Individualism and Intellectualism In Art

Amazing CloudsThe statement “Art is an expression of progressive social consciousness and political extension” is not a common assumption in my experience. True this statement is multi- faceted , yet I believe social consciousness and politics does exist in art, as well as in the artist.

My belief is all that exists is political by being. We all have social awareness. Art and artists are political simply by being. If it is intentionally expressed in the works, it may transcend beyond art, therefore redefining itself. Some art is visionary, some before its time, and some is political, sometimes with intention, and sometimes not.

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I am not suggesting labels are important to attach to anyone, as every case is unique. No two artists have the same style, nor the same goals, proof of that individualism. Individualism in art is evident in the representational work itself. In the artist, we tend to see their individuality in their social behaviour, and psychological makeup.

Where does individualism and intellectualism in art fit in? I would propose that art more closely resembles individualism than intellectual class especially from the point of view of the artist. Art is a right brain activity, and intellectualism a function of the left brain. Perhaps we can attribute individualism to the expression of art, and the concept, or original idea to the intellect. Or is it possible intellectualism in art could be in the perspective of the viewer, and not so in the artist?

The danger of labelling art as intellectualism, would suggest it is bourgeois, therefore limiting, as labels tend to be. If art is only for the intellectual class, then the danger then exists for deprivation of the other classes, and repression. Unfortunate as it is, classes still exist in our ‘civilized’ society. Yet who needs art more than the downtrodden?

For example, though jazz music originally came from the streets an intellectualized version exists in non-mainstream jazz. The progression of this sub-culture, is reserved for the educated, & other musicians. Many jazz lovers find it beyond their understanding. Those who subscribe to this version are the only ones who find value here.

‘Raw’ feeling, as it were, transposed into musical expression beyond a universal understanding, limits the scope of it’s audience. The rest of us are left on in the lurch wondering why we just don’t get it. Despite it’s intellectualism, the art form still falls into the category of individualism.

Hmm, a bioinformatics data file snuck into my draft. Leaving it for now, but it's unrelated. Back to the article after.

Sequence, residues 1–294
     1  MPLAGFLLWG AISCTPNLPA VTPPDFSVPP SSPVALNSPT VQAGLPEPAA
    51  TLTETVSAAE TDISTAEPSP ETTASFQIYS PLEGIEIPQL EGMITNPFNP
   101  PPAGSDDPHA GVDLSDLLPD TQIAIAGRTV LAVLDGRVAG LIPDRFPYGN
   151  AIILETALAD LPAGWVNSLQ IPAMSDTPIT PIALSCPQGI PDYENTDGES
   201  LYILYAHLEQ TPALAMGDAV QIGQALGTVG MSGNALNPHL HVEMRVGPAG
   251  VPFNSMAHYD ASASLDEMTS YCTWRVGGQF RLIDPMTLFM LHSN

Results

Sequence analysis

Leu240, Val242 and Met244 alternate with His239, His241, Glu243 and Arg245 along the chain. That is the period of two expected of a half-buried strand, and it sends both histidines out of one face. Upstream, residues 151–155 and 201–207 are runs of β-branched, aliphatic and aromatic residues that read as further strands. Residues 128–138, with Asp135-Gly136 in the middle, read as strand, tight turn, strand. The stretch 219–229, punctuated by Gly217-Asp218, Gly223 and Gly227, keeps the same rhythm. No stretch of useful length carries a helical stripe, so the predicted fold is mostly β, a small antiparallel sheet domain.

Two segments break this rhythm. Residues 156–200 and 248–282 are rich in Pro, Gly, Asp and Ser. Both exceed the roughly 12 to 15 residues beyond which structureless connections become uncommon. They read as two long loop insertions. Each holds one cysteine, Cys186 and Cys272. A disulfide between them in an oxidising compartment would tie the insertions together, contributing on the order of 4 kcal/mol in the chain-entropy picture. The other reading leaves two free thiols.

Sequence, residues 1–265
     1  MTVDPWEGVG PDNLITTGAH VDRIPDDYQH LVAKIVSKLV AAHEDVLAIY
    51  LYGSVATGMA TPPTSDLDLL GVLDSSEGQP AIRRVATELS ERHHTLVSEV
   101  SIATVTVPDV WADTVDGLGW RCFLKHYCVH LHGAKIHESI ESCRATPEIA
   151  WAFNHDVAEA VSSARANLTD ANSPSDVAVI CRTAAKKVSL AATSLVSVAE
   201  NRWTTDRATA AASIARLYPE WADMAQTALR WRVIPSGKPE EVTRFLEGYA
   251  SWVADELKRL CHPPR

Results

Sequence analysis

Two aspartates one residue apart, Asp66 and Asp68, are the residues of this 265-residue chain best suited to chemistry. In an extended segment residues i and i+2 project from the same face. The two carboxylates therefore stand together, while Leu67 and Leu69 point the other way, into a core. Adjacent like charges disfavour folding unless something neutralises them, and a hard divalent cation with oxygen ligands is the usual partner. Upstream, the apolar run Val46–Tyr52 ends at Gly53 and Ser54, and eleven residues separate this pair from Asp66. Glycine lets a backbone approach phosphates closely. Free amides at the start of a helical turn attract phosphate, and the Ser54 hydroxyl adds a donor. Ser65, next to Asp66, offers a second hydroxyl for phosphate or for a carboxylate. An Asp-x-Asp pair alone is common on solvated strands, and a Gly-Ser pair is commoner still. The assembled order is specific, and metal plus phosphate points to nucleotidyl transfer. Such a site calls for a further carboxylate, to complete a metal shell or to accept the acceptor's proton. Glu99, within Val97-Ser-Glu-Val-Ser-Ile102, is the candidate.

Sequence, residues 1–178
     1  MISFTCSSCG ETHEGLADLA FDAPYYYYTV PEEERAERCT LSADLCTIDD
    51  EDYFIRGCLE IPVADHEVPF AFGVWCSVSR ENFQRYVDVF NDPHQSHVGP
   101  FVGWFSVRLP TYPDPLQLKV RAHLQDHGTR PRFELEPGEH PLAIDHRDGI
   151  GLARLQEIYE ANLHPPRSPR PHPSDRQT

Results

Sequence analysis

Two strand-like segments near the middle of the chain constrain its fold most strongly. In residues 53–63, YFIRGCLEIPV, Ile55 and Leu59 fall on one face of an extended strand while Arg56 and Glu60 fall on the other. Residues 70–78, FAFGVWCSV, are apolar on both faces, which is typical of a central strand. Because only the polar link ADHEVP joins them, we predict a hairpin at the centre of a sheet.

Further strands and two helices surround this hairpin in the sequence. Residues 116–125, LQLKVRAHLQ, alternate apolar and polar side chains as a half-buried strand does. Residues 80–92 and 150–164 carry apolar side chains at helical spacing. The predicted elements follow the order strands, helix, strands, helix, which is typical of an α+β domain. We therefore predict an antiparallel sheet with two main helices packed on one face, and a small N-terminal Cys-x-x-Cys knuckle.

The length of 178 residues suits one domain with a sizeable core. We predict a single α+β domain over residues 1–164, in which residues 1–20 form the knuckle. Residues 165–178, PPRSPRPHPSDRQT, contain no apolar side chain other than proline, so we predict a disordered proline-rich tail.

Consider for a moment ‘Outsider Art’, art brut, and naive art. This art is created by those who dwell on the fringes of society. Art created by innocent intuition, without regard for convention or the final outcome. It is ‘raw’ expression. It makes a strong statement, unedited individualistic, and non-intellectual by mainstream standards.

We all have the freedom to choose, and freedom to grow. Your perception tells you what is true through recognition and your interpretation. When you look at a piece of art, do you look at the emotions it emits, or do you think about the thought processes that went into the creation of the piece?

Unique in their ways, artists are intensely individual, as is their art. They place their own goals ahead of any collective goals. I see individualism in art, as artists pursuing their ideas to meet their own end.

The artistic nature is most often intuitive, unique, and perceptive in an intense way. Much of art is progressive, the creators themselves striving for betterment. There needs to be a flow between the head and heart, so that all of these forces work together. Much of the process is unconscious … the expression is the concept in action.

Art appeals to the emotions as well as the mind, to both the artist and the viewer. One cannot necessarily separate the emotional from the cognitive. My conclusion would have to be that individualism, and intellectualism co-exist in art. While many see the world as black and white, the truth is, much of the world is grey. An oxymoron indeed.

Individualism and Intellectualism In Art was last modified: August 10th, 2015 by Deborah Robinson

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